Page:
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Southend Pier
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England’s stunning official ‘pier of the year’ basically goes on for ever

The 1.3-mile-long structure has survived fires, storms and collisions

Written by
Henrietta Taylor

In England, there are three things we love unquestioningly: pubs, pies and piers. And piers, those long, woody stretches scaling our shores, have been a mainstay of the classic English holiday long before Center Parcs and even Butlins arrived on the scene. But with 57 dotted around the country, it’s difficult to know which of these elegant constructions are worth visiting as a priority.

Fortunately, The National Pier Society has just named 2023’s official Pier of the Year. Swayed by the pier’s two new electric trains, record number of visitors (412,300) and the enthusiasm of its volunteers, it handed the coveted prize to Southend Pier in Southend-on-Sea. It was also praised for how it repurposed old train carriages as seating. 

Meanwhile, Norfolk’s Cromer Pier bagged second place, followed by Brighton Palace Pier in third. 

Southend’s win was a no-brainer, really. The city’s pier first opened nearly two centuries ago, in 1830, and since then has become the longest pleasure pier in the world, having been repeatedly extended to accommodate more boats at low tide – eventually stretching to 1.3 miles. Peppered with cheerfully painted beach huts and offering train rides and crazy golf, it’s quite the tourist destination.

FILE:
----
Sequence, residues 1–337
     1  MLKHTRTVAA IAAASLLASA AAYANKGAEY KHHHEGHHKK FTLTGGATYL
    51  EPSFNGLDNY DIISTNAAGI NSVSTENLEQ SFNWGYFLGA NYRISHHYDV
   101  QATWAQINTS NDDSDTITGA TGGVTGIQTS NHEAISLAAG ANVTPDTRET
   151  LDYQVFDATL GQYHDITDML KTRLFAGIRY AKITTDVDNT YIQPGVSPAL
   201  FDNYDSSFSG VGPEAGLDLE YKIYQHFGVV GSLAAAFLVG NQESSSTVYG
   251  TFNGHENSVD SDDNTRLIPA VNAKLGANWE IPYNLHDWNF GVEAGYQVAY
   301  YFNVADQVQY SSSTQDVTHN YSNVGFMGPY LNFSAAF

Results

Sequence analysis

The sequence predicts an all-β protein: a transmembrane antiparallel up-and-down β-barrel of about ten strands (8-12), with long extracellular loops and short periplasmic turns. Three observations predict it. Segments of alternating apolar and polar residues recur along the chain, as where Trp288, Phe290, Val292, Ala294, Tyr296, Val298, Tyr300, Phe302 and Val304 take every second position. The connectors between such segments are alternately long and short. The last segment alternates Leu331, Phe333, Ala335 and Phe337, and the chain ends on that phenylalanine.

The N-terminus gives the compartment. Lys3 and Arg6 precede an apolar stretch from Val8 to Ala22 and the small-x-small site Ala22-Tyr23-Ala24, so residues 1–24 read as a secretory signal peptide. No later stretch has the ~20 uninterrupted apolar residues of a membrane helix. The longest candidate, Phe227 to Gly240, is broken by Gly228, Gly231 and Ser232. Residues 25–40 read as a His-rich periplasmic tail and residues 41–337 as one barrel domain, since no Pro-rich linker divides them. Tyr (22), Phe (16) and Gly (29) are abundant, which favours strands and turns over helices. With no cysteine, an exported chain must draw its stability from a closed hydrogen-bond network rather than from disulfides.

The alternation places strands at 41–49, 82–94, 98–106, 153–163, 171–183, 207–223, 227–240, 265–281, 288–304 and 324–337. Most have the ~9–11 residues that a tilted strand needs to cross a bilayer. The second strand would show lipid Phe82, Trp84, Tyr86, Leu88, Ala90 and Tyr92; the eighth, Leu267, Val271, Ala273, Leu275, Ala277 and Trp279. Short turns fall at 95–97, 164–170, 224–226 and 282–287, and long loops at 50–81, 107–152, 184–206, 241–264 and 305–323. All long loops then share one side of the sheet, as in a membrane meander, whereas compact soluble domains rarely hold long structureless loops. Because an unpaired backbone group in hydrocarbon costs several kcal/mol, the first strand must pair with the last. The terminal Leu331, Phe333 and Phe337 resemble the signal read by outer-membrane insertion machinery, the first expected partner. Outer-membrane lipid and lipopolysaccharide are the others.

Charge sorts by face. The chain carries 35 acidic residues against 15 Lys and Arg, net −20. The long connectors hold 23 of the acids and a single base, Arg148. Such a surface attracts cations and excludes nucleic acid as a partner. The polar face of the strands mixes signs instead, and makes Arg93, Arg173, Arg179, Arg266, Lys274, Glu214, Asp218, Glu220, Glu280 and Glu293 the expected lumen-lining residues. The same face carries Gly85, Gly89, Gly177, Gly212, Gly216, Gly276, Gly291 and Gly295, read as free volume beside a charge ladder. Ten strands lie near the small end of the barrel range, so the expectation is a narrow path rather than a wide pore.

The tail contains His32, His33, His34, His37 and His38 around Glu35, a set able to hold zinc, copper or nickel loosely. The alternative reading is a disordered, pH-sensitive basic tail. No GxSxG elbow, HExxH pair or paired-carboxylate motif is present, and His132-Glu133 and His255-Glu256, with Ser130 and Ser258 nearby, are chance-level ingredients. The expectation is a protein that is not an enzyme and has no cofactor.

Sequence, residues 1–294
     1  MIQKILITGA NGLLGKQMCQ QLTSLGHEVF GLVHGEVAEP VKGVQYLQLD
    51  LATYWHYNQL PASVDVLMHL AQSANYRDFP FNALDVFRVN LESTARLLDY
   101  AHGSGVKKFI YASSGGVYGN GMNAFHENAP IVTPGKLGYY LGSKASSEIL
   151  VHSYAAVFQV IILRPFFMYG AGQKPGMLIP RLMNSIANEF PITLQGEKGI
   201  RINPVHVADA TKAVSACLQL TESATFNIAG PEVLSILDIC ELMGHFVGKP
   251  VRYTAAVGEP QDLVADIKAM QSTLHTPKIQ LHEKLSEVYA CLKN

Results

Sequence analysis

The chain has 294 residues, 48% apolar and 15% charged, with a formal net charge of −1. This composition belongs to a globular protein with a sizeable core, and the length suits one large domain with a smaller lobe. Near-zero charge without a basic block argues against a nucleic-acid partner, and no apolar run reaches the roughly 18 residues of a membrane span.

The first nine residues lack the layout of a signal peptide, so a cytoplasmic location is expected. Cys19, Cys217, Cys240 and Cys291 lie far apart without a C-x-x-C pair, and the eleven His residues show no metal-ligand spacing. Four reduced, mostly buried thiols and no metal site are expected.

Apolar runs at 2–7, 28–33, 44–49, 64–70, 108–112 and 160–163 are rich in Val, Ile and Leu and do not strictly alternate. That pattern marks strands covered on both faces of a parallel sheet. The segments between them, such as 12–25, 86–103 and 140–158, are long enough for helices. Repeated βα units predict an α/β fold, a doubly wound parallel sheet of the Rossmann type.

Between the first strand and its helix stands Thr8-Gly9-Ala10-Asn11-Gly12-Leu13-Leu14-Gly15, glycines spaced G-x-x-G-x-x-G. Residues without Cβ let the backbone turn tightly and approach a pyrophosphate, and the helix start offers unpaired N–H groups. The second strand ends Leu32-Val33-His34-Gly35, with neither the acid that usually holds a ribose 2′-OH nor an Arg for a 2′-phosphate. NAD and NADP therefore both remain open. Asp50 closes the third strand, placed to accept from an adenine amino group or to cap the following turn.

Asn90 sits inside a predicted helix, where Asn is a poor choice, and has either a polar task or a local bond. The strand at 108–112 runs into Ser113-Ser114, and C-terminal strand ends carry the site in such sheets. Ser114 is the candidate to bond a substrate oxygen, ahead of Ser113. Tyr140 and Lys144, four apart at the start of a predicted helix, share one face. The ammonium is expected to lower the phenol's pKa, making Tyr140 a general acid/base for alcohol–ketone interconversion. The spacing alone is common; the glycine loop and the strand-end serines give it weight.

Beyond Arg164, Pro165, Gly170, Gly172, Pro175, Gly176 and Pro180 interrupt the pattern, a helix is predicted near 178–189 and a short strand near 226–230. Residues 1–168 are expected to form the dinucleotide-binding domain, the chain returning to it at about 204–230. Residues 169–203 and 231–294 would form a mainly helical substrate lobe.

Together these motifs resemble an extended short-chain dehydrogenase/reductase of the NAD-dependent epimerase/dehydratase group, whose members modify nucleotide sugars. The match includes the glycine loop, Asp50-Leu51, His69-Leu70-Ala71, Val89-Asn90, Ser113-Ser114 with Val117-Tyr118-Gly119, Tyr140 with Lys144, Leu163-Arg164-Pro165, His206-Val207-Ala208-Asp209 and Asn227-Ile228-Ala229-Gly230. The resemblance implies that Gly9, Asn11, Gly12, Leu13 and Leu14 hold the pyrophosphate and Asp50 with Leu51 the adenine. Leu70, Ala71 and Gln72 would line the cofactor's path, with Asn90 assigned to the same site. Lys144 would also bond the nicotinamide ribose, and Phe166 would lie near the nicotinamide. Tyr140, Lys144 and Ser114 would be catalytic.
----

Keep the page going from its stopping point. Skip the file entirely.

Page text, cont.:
Even King Charles III and soon-to-be Queen Camilla are fans. Last year, the royal pair took a trip east to unveil one of the pier’s trains to celebrate Southend’s new city status (awarded in the wake of the murder of local MP David Amess, who had long campaigned for the upgrade).

Tim Wardley, National Pier Society chairman, said: ‘Southend Pier is a true survivor, having withstood storms, fires, collisions and threats of closure to transform into the vital contributor to the resort’s tourism and leisure economy it has become today.’

ICYMI: These are the worst beaches for sewage dumping in England.

Plus: Driverless buses have officially arrived in the UK.

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